Well, you might say putting the focus on competencies at least has the advantage of banishing at least some politically correct blathering from the classroom. Exactly the opposite is true. It institutionalizes political correctness. Some competencies are always attitudinal about appreciation of diversity and all that so students learn that sensitivity is displayed not only by having correct opinions but having the right kind of enthusiasm, or as they say, “engagement” about them.

In the discipline of philosophy, the question of what justice is allows a genuine diversity of thoughtful and plausible answers. In the era of the competency, the question of justice has been answered and all that is left to do is to be engaged in the right way in promulgating the final solution. So the world of the competency mixes techno vocationalism with dogmatic social liberalism.

Don’t forget that political correctness has morphed from being a radical challenge by socialists as such to American capitalism promulgated by tenured radicals to a kind of cloying sensitivity to the consumer demand that every nook and cranny of a student’s life on campus in thought and deed be a safe and comfortable space. The effect, it often seems, is to make the campus a virtual reality above all, as some say. It is too much like the bubble. The virtual reality is that young people spend too much time losing themselves in in front of a screen.

A Noble Goal

So those conservative reformers who really mean it when they say that they want the classrooms of our career liberal arts professors to be filled with as many students as possible have a noble goal. I’ve explained why that goal doesn’t really have much to do with saving money necessarily. But if their reform intention is seriously personal, or as we say these days, “reform conservatism,” then they should oppose every effort of our administrators to displace respected professors with proletarianized adjuncts as well as to reduce as far as possible the place of the competency and the screen in figuring out what kind of general education, what kind of content-driven literacy is at the core of generally higher education.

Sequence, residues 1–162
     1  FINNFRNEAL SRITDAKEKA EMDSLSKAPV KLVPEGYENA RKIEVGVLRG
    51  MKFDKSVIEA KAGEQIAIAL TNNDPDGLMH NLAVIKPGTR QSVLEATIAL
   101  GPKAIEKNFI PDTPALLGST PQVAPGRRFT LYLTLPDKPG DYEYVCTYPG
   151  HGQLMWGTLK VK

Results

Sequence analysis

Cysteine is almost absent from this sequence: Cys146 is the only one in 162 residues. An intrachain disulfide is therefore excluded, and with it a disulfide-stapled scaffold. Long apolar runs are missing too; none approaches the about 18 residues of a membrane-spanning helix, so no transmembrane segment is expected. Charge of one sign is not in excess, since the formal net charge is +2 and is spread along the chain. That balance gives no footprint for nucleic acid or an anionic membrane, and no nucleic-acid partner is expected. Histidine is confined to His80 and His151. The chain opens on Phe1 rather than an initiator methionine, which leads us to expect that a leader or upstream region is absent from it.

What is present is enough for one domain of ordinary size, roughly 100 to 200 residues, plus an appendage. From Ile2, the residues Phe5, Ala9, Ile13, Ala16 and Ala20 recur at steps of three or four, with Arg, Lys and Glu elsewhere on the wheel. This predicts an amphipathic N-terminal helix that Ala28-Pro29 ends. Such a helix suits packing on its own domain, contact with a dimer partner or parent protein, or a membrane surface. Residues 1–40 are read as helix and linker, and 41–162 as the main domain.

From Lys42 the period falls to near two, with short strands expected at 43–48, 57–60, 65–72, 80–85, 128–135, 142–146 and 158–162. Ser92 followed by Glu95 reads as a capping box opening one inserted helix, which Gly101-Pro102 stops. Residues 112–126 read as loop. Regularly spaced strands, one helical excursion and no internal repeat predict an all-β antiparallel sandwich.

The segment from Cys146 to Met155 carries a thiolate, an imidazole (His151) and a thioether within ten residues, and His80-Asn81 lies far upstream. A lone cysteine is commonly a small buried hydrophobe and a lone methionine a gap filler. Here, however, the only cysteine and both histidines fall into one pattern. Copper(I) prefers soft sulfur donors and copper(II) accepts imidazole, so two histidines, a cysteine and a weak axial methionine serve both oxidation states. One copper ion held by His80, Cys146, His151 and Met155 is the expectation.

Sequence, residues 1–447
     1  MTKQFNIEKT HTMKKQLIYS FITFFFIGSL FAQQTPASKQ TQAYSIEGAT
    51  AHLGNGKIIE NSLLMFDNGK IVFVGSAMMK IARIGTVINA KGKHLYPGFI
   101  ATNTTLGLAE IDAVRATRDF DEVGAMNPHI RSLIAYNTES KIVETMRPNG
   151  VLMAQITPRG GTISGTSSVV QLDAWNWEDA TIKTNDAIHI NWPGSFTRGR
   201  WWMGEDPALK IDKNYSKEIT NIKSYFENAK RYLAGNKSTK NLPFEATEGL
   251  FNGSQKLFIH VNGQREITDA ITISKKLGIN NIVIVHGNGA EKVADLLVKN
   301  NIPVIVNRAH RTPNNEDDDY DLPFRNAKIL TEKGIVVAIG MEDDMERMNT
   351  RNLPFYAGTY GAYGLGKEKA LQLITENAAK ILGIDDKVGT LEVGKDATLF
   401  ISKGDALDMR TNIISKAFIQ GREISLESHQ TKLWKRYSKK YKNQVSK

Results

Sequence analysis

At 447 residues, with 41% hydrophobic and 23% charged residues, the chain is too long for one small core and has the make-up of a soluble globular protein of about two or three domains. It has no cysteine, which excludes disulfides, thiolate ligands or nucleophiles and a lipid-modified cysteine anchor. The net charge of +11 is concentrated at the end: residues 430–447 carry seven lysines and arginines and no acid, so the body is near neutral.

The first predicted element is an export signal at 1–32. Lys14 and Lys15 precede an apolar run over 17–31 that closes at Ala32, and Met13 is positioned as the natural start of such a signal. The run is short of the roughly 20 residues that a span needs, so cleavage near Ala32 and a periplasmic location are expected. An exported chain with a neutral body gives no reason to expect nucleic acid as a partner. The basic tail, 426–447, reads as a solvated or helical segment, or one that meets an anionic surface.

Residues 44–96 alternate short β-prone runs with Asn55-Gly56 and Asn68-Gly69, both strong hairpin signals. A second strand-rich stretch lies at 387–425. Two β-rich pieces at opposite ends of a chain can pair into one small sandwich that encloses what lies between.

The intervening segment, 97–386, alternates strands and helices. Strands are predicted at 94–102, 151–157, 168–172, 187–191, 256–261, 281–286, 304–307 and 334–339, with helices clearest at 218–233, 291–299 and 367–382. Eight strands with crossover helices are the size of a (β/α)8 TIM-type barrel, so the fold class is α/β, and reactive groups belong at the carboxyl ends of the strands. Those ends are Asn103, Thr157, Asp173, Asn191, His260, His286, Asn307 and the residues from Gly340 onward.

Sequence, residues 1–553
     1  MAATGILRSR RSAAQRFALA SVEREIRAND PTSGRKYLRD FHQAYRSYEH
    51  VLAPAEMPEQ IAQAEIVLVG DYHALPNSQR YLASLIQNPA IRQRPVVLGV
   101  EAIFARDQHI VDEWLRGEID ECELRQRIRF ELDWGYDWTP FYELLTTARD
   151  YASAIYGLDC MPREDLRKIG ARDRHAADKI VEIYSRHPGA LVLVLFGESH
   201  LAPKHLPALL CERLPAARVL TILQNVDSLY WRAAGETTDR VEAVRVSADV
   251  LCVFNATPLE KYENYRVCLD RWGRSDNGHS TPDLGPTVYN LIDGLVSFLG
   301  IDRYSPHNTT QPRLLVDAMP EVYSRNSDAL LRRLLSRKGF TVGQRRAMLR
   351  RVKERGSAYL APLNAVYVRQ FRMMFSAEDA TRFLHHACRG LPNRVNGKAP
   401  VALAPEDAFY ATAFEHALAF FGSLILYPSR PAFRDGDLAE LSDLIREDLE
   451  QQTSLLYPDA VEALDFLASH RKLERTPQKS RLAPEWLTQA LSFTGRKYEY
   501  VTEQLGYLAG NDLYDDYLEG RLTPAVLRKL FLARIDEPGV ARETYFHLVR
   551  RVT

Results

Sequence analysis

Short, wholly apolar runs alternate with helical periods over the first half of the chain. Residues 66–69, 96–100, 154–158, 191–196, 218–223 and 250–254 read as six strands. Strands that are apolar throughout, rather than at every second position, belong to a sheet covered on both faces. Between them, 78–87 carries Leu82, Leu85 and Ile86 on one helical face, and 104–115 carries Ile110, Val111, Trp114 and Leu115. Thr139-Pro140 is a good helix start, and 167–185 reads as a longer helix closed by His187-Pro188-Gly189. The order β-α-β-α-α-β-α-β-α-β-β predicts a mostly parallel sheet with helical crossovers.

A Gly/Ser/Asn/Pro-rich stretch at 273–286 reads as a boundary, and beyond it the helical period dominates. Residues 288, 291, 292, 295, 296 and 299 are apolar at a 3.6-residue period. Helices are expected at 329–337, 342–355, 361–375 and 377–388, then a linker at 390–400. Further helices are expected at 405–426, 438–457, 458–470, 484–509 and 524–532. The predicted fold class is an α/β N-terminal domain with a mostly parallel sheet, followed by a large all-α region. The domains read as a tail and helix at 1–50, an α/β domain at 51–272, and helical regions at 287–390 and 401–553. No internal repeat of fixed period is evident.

Respected professors, it turns out, are a part of the indispensable content of higher education.  For now, we dissident professors are all about resisting standardization and surveillance of all kinds if it comes from the government. We resist it when it comes from the Obama administration and from the Republican Senate. And we, of course, resist all the intrusiveness and stupidity of accreditation associations. We want to protect the genuine moral and intellectual diversity that is the saving grace of American education.